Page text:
Katriina Byström

2016-03-04 13:30

The future’s workplaces – without colleagues?

Meet Katriina Byström, Professor in Library and Information Science at the University of Borås, who studies digital workplaces. She looks forward with curiosity to seeing what the next generation of work will look like – maybe you have no colleagues in the next room but a more interesting work environment.

Many of us work on the bus on the way to work or in a hotel room before the conference starts. We are more and more mobile and the traditional workplace with binders, pinboards, and family photographs becomes less important.

– The job is here of course, says Katriina Byström, pointing at her silver-grey laptop.

As the initiator of the European Network for Workplace Information (ENWI), she is interested, together with 20 fellow researchers in Europe, in digital workplaces’ opportunities and challenges.

Colleagues in the digital realm and Peopleless Offices

In the 50s, American futurologist Alvin Toffler coined the concept Paperless Offices. Computers did not even exist yet, but he proved to be right in the long term. Now Katriina Byström is introducing her own expression, Peopleless Offices, i.e. offices without physical colleagues – they are instead to be found in the digital realm.

– I hope I am an active researcher when my children are 50 years old. This generation is growing up with the Internet and social media, so who knows how their work situation will look? It will probably be a long time before we have Peopleless Offices, but we do know that ways of working change over time.

Katriina Byström:
Lives: In Bredared
Works: At the University of Borås and at Oslo and Akershus University College
Family:  Yes, both in Sweden and Finland
Leisure interests: Riding year-round, boating in the summer, and skiing in winter – and spending time with family, friends AND colleagues
Received her doctorate at: University of Tampere, Finland
Likes: Variation in life, but always her family’s summer place in Finland        Has: A lot of persistence, almost always a strength, but sometimes it goes too far
Is good at: Positive thinking and finding constructive solutions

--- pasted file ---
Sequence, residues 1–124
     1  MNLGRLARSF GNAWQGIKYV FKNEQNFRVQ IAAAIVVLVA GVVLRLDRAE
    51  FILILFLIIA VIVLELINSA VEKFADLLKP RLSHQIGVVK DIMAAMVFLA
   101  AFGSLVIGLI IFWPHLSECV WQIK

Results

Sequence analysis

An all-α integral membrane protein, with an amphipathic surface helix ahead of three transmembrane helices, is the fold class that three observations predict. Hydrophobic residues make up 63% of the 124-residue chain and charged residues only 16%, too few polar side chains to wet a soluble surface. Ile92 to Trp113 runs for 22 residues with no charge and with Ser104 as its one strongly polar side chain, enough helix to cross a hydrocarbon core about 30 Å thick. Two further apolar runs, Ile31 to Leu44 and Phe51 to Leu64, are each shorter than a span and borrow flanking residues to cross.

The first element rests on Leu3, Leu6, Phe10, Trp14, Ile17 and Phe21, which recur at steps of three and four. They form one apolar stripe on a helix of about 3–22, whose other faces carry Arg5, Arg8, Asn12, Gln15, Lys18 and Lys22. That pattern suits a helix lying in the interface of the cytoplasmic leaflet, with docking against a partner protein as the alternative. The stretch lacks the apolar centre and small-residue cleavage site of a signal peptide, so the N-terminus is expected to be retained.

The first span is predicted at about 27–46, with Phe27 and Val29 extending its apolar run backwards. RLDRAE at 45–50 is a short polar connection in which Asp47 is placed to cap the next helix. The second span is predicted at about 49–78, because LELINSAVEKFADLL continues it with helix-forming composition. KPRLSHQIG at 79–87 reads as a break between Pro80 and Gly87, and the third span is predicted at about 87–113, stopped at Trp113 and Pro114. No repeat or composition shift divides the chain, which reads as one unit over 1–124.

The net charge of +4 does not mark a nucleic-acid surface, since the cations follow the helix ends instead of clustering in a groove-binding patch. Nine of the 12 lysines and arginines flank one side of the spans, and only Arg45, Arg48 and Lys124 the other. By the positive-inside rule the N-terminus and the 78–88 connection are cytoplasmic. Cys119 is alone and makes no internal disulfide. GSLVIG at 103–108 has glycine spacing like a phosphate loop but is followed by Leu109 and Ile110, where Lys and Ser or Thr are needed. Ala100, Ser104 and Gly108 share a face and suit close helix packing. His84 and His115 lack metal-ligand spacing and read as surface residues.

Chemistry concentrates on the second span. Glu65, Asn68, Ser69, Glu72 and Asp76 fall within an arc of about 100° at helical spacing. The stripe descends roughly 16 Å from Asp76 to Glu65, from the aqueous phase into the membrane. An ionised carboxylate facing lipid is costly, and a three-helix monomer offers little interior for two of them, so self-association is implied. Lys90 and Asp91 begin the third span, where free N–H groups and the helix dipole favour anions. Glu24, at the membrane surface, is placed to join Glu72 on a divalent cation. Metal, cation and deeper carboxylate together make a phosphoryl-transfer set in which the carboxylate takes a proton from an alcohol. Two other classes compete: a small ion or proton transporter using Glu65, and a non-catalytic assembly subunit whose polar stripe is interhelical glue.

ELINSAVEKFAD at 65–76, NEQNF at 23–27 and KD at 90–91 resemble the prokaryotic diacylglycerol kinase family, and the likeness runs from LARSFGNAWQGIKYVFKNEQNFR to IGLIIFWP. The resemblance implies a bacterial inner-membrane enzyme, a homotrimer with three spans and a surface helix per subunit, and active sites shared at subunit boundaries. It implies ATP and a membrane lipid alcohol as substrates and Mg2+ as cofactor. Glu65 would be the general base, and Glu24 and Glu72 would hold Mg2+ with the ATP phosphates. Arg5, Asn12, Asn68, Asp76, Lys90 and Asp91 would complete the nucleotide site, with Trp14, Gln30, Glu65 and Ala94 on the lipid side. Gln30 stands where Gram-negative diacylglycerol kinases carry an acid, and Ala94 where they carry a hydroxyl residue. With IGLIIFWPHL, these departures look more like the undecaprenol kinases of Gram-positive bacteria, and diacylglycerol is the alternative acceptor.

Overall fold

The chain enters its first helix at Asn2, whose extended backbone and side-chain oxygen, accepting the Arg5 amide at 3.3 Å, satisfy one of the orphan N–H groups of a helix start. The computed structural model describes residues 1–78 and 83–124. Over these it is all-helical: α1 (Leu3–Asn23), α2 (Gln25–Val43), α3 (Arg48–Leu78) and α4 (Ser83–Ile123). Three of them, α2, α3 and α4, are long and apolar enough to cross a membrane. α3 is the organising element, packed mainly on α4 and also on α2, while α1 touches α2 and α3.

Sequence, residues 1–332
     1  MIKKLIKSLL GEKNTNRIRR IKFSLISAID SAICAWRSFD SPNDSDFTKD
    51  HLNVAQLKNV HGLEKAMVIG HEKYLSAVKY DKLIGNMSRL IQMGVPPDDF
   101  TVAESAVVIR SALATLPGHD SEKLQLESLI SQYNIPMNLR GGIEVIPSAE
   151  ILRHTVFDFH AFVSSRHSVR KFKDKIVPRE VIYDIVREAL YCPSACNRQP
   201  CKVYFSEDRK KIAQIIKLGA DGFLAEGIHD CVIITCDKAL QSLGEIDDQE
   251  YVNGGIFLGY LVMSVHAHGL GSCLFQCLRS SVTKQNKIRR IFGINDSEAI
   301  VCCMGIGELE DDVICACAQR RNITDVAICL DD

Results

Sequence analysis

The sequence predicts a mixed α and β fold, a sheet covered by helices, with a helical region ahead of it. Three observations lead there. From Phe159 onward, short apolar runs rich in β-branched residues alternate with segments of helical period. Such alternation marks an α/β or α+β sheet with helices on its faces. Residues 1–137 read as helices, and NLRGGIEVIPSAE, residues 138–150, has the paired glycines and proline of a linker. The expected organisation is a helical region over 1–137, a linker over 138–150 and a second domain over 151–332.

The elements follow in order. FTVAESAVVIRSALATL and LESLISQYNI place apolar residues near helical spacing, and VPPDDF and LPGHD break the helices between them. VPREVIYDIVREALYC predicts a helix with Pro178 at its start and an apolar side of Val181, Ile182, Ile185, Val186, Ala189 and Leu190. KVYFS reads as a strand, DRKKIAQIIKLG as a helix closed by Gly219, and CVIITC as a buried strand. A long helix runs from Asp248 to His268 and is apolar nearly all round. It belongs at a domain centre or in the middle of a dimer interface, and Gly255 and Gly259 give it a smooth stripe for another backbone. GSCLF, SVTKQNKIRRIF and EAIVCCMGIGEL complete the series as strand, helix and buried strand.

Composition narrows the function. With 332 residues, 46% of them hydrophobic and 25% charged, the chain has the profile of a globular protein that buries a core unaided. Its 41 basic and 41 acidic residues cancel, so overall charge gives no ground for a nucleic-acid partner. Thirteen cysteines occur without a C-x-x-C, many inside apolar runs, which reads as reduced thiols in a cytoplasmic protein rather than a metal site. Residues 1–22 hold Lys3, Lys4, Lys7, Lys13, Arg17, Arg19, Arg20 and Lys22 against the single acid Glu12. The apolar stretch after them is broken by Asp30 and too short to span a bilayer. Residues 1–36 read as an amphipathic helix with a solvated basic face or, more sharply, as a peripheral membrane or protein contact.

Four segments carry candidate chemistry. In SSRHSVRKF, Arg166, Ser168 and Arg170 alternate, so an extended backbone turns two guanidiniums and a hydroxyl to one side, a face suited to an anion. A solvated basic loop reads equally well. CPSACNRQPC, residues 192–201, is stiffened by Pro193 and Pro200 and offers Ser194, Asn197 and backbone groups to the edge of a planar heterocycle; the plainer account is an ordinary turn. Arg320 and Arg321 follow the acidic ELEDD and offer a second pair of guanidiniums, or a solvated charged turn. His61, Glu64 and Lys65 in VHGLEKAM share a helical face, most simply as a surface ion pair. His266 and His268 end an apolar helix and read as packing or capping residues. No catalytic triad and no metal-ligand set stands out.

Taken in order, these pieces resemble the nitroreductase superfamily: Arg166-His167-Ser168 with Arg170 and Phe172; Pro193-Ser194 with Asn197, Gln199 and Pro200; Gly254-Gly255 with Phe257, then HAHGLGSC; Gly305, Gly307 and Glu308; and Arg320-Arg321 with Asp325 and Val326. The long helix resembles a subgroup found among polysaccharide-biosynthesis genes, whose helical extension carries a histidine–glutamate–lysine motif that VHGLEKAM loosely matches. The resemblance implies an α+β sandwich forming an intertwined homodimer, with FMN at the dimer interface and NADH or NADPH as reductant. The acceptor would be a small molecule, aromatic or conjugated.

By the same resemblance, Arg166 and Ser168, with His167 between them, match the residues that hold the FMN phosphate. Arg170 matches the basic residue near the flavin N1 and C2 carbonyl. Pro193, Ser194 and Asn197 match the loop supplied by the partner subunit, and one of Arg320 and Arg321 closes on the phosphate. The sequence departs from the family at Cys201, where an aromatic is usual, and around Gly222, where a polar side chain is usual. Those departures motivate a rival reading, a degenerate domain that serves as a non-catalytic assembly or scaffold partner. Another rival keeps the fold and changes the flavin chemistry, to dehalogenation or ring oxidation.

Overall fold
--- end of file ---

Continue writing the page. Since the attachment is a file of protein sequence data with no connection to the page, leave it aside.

Wants to do: Oh, a lot! 
Doesn’t want to do: Standing in queues, is there anything duller?
Dares: Standing up for myself
During industrialisation, people thought it was strange to use the phone as a business tool. Today, we have access to information on our computers or mobile phones, so-called cloud services, which offer a variety of possibilities when it comes to the storage and dissemination of information. As a result, we can use information in the same way outside the office as inside.

Digital divide between generations can be problematic

- Often, I am met with scepticism toward the more distanced way of working; people wonder what happens to the feeling of community? But I don’t see it that way. Perhaps, in the future, we will have more interesting work, more leisure time, and greater fellowship with family and friends rather than colleagues. Or we work with our friends – we don’t know! That our material and social working environments are changing superficially and in terms of content is a fact, and is perhaps neither positive or negative in itself.

But she also sees challenges, of course. Different generations relate to digital workplaces in different ways, which can complicate things. Alienation can occur that can be more difficult to detect and overcome than in a physical environment.

– And what happens with expertise and how do you know whom to turn to when the collegial presence is reduced? There is a risk that knowledge becomes fragmented and that decision-making is based on arbitrariness in a digital world where everyone can find their own truth, says Katriina Byström.

Greater desire to learn more complicated work assignments

For 25 years, Katriina Byström has researched how professional groups, such as local government officials, journalists, and engineers, use information in their various duties. Based on these studies, she can draw a general conclusion about people's use of information and information systems in the workplace:

– If looking for information is difficult and takes attention from the task itself, we quickly become frustrated with all sorts of administrative and simpler tasks within our own profession. But in more complex profession-related tasks, we are willing to put more effort in seeking information, tolerate a greater degree of conflicting information, and are interested in learning more.

These experiences come in useful now as she researches digital workplaces. Together with a colleague, she recently started a pilot project to study people from Australia and Germany who largely work remotely.

– For my part, it is interesting to examine what kind of information is perceived as useful and how it is sought to solve complex tasks. Likewise, it will be interesting to see how physical workplaces’ built-in mechanisms for the routine use of information in simple tasks are transferred to or may be replaced in a digital environment.

Researcher – the best job in the world

That Katriina Byström has ended up in the right profession cannot be doubted. She would even go so far as to say that her profession is the best there is.

– Research is all about curiosity and learning and to test my thoughts against others’. I have contact with many interesting and competent students, practitioners and researchers worldwide. I get to be in a very positive environment and constantly develop myself along with others. What can beat that?